The idea of driving to the hospital to have your first child haunts new parents almost from the moment they learn they are expecting. As you will soon see, it is a daunting and difficult process.
And yet, it’s also an overwhelmingly common feature of life. In this article, we look at everything you need to know about what will happen at the hospital after you arrive to deliver your first child. Read everything you need to know about your visit from admission to discharge.
It’s *Usually* Not Urgent.
In movies and TV shows, pregnant women are rushed to the hospital in the greatest haste. The scenes always play out in a photo-finish fashion, leaving the viewer to wonder if the new child will take their first breaths in the back of a New York taxi cab.
In real life, it seldom plays out that way. Women having their first baby can spend up to twenty hours in labor. This is a good thing as you get ready at the house and a bad thing for… the next nineteen hours.
When you feel the early signs of labor, calmly get yourself ready. You only need to get to the hospital once your contractions are strong and separated by about three or four minutes.
Get Your Things Ready for Hospital
It is a good idea to have a hospital bag prepared. This isn’t because you might need to leave in haste but because packing may not be the first thing on your mind as you experience labor. First-time parents spend two days in the hospital on average.
The mother will be changed promptly into a hospital gown upon arrival, which she will wear for the stay. If a partner will be accompanying her, they are, of course, free to wear their clothes.
Moms will want to pack something to change into for the day they take their baby home. They may also want to pack their hospital papers, slippers, lotions, massage oil, a written birth plan (if you have one), and any necessary items to help you carry out said birth plan.
For example, some parents have playlists they wish to use in the birthing room. At the end of your hospital stay, there is a decent chance you’ll find that you overpacked. During labor, you’re often occupied with the—
The daunting idea that a person is squeezing their way out of me?
We were going to say “miracle of childbirth.” But yes. And then, once the kid comes along, they give you little free time. Hey, get used to it.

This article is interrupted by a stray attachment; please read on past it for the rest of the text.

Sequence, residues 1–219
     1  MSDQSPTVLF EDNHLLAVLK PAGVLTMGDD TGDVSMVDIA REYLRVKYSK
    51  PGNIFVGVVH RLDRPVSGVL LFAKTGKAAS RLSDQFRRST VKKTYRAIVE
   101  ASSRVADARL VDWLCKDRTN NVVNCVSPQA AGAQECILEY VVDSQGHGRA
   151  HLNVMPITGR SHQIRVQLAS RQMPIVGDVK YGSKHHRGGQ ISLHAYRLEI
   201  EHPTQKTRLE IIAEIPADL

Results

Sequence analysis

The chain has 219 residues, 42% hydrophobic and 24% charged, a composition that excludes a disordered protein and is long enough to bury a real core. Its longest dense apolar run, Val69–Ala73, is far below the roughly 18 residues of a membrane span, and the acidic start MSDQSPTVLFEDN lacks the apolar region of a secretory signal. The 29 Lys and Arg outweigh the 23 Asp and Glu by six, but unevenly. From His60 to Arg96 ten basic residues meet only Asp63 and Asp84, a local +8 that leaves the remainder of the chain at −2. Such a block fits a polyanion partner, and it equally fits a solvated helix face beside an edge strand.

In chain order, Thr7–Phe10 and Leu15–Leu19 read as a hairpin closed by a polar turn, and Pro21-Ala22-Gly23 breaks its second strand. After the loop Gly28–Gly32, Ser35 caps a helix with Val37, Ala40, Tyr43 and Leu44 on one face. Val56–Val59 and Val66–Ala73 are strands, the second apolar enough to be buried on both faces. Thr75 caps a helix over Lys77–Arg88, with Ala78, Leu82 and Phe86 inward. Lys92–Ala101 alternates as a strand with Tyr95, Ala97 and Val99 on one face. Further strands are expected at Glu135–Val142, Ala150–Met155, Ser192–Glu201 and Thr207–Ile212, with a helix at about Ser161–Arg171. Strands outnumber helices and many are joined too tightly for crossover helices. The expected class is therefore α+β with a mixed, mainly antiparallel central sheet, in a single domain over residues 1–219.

This will be a constant aspect of your time at the hospital. When you arrive, the nurses will assess your health and the baby’s. Note that it may be many hours before the doctor arrives. Remember that 20 hours of labor we mentioned earlier?
Oh, no. It slipped my mind.
Well, the doctor knows the lay of the land. They may come into chat shortly after your admission for a meet and greet, and they will certainly be on call, but you won’t see much of them until the moment of truth. The nurses will hook you up to monitors and so on.
If you and the baby are doing well, the labor hours will pass without much medical intervention. At this point, you and the hospital are just waiting for the baby to arrive.
Know Your Options
During your assessments, there is a lot of healthcare management taking place. The nurses and doctors taking care of your delivery will be able to help you understand your options. Some new moms like to take walks around the floor, get massages from their partners, or even take a bath.
Usually, there is no reason not to do these things. If there are limitations placed on your activity, the hospital will let you know, but always feel free to ask.
You will be asked if you would like an epidural at some point in your labor. Up to 70% of women choose to get one. However, timing is important. Studies have shown that getting your epidural too early can prolong labor and increase the chances of getting a c-section.
Getting the epidural too late, on the other hand, can reduce its impact. It takes about fifteen minutes for the effects of an epidural to be realized.
Don’t panic too much. It usually works out just fine. Keep the line of communication open with your caregivers. They can help coach you on whether and when the epidural should be administered.
Okay, here’s the hard part.
The hard part?!
Sorry, mom. Now that you’ve gone through labor, you’ve gotten your epidural. An unopened hospital bag sits next to your bed (funny enough, but the contractions kept you occupied enough without it). It is time to get ready to push.
If you have yet to see your doctor, this is when they will make their debut. Some moms will be taken to a delivery room. Newer hospital rooms convert seamlessly (and with alarming speed) into delivery rooms.
Either way, it’s time to push.
Sometimes, this part of the process unfolds quickly. Other times—
Right. The average first-time mother spends about two hours pushing. It’s hard, but it will be okay. You can do it, Mom!
Meet Your Child
After all the chaos of the last twenty hours comes a moment of profound joy and peace. You’re handed your child. I asked to feet them for the first time. This, of course, is the moment that makes everything else worth it.
After your child is born, they will be cleaned up and evaluated many times by nurses and doctors. A constant stream of healthcare workers will be filtering in and out of your room for the next day. The rest of your hospital stay probably won’t be the restful experience you need— spoilers, it only gets a little better once you come home— but it will all be worth it. Congratulations!